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Harriet at 50

Even at 50 years old, Harriet can rankle readers. All students of children’s literature (in fact anyone interested in children’s literature) should meet her — even those who first encountered Harriet when they were children.

The 1960s were turbulent; change was everywhere — including in books for children. First published in 1964, Harriet the Spy marked a sea change in the direction of juvenile fiction. Some people loved it, others had an equally strong and opposite reaction to the book.

It's epic! New way to access great kids’ books

Nothing creates readers like a good book. And in my experience good books are often recommended to children by a trusted teacher or librarian.

But educators are busy people. A lot of teachers and school librarians I know have a hard time keeping up with what’s new and what’s good in books for children. Then there’s the entire matter of getting one’s hands on the books. Libraries certainly have a role, but there are limitations to physical resources.

Loss of a friend

Walter Dean Myers

I've been away for a while. The family vacation was without Internet access or even phone service. When I was reconnected, I was deeply saddened by news that one of the true giants of contemporary children's and young adult literature had died.

Diversity: what does it mean?

Last week I spent an entire morning with students in 2nd, 3rd and 4th grades. A 3rd grade boy asked me my first name (I was introduced as Ms. Salvadore) before he left. When I told him, his wide grin was accompanied by a question: “Where are you from?” I was sorry to disappoint him. In spite of the way my name sounds, I’m not Hispanic (Italian father, Greek mother; English-speaking home). He said he thought maybe I was Honduran — like him.

The power of books and text sets

We've all read books whose plot or main character stay with us for a long time. With kids, books can be a great and subtle way to illustrate personality traits we may want to engender. Collections of books with similar themes (sometimes called "text sets") give teachers and parents a way to focus on a theme but do so in such a way that you're not beating your kid over the head with the same message over and over again.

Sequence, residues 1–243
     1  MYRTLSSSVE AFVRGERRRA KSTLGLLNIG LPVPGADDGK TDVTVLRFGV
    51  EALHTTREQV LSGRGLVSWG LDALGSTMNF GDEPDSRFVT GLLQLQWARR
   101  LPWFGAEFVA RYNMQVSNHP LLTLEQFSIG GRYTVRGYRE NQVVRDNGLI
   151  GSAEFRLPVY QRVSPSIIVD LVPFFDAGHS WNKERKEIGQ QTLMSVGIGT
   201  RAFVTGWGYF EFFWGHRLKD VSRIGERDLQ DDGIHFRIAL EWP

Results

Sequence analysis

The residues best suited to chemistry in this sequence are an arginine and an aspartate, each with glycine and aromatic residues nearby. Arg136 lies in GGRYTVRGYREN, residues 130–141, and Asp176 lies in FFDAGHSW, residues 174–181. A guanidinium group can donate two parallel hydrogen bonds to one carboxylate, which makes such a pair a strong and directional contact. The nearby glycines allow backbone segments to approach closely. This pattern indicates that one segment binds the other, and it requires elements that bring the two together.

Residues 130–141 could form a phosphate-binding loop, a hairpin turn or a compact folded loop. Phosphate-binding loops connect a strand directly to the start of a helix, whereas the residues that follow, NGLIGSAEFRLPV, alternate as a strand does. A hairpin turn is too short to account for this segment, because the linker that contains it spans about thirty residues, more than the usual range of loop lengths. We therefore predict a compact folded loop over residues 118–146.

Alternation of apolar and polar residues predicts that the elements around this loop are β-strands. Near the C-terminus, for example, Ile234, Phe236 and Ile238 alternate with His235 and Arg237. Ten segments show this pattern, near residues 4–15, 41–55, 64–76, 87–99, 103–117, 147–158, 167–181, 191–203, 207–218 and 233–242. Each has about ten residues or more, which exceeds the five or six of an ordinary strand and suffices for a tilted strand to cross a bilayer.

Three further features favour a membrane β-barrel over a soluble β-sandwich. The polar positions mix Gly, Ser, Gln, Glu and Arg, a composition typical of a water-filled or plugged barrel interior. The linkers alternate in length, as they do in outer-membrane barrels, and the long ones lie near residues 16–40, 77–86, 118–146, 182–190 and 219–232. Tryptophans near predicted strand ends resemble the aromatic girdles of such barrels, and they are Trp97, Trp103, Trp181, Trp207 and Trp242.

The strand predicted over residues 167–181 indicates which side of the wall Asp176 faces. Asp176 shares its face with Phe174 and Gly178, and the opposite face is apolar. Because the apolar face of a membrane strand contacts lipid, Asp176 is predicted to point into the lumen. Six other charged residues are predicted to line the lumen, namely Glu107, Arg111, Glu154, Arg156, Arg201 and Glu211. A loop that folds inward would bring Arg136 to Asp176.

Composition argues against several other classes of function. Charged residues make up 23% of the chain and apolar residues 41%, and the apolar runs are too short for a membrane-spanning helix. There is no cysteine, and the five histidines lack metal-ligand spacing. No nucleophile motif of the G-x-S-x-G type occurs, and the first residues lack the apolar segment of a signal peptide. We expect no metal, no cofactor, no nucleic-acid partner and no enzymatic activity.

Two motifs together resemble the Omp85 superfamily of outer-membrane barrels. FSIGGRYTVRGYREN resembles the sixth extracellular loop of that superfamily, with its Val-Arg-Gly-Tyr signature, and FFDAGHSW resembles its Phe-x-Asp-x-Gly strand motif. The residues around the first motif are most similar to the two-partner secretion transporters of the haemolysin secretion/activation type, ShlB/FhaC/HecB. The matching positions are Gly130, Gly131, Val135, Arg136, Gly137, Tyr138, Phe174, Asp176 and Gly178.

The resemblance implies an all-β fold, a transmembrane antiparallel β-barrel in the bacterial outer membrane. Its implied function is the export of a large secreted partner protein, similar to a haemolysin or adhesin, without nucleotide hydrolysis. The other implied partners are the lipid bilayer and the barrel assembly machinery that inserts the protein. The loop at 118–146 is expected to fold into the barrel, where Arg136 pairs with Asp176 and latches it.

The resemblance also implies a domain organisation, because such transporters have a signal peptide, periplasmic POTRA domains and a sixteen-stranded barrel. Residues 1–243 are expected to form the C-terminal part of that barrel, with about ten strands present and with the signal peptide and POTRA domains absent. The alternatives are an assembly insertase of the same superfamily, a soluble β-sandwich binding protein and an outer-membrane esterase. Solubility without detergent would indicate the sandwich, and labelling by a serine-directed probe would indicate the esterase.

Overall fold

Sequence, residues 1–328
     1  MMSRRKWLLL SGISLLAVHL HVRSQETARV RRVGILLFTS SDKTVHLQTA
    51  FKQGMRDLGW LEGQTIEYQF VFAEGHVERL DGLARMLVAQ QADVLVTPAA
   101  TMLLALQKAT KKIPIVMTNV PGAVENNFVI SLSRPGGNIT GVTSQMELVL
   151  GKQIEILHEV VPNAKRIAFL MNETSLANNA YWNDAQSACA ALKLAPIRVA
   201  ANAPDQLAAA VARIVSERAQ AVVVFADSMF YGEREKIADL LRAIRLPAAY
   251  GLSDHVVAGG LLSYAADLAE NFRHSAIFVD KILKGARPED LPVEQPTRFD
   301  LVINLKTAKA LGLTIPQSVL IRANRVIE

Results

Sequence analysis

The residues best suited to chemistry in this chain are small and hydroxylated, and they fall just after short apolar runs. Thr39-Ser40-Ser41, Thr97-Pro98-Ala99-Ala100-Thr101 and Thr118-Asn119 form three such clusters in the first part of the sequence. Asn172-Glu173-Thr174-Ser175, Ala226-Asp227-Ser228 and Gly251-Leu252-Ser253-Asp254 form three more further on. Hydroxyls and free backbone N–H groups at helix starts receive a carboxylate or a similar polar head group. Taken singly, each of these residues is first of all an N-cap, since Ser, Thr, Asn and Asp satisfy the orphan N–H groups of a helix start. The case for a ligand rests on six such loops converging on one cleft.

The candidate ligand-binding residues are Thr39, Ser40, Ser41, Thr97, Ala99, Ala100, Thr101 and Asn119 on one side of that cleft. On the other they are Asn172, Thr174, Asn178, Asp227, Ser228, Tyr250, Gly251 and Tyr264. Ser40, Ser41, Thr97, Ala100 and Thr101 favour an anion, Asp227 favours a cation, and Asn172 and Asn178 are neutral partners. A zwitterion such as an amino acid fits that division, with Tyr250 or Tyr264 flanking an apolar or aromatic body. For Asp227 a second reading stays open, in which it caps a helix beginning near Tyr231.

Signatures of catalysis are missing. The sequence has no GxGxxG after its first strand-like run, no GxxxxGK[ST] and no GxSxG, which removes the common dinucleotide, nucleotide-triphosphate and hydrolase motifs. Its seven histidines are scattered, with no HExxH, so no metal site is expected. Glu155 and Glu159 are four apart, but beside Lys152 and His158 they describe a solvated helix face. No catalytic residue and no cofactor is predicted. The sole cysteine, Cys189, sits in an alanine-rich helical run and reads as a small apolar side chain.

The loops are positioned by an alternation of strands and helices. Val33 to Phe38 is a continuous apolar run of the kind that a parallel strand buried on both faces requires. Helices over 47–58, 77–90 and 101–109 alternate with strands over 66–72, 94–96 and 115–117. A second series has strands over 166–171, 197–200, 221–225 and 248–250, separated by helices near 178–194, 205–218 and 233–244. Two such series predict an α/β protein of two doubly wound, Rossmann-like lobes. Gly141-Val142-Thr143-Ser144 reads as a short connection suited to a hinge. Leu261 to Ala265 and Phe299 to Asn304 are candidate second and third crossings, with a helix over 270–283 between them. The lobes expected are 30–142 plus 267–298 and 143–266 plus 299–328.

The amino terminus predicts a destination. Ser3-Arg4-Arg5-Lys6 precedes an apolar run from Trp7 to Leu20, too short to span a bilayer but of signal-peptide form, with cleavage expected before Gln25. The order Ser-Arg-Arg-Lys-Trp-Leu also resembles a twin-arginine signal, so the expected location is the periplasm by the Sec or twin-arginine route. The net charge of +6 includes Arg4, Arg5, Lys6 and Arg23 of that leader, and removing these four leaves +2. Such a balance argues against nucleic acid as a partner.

Why field trips are worth the effort

Taking a group of children for an outing can be rough — perhaps more so for adults than for the young people. After all, it's up to parents and teachers to keep track of their charges, worry about transportation, safety, snacks, and more. So why bother?

Because field trips make a difference. There's research that supports field trips to art museums, aka "culturally enriching" activities, has a significant and positive impact on students. In my experience, almost all family or class outings can make a positive impact.

Celebrations fit for a new school year

Labor Day marks the unofficial end of summer after which schools are in full swing again. Various September celebrations are ideal complements to school, community and home activities.

In 1965, September 8 was declared International Literacy Day (ILD) by UNESCO. This year, ILD was marked by presentations and discussions (on the Monday after the official ILD) featuring among others, Alma Powell representing America's Promise Alliance and Maureen McLaughlin, President of the International Reading Association.

Getting ready for summer reading

Memorial Day is coming up soon — marking the unofficial start of summer. Parents and teachers know how hard it can be for children to remain focused as the school year ends and summer starts.

Summers that don't include books and reading for children most often results in the "summer slide" — the loss of reading skills gained during the previous school year.

Comfort food for the mind

As we begin a new year, let's hope it's memorable for all the right reasons unlike its predecessor. There are positive signs pointing to it.

We all remember superstorm Sandy. Images of destroyed homes, schools, businesses, and libraries will be long remembered — and most of us are on the outside looking in. It's hard to imagine what it must be like to try to find normality when you're living it.

Innocence lost

How do you explain the unexplainable? It's impossible for adults to fathom what happened in a quiet Connecticut town, much less try to articulate to children why or how it could have happened.

I don't think there's anyone who hasn't been moved by the news. But beyond the debates around mental health issues or gun control laws, I've been stymied as to what can be done more tangibly.

Is there anything we — adults and children alike — can do that is concrete, doable, something lasting, to honor and remember the children and their teachers?

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"Never trust anyone who has not brought a book with them." — Lemony Snicket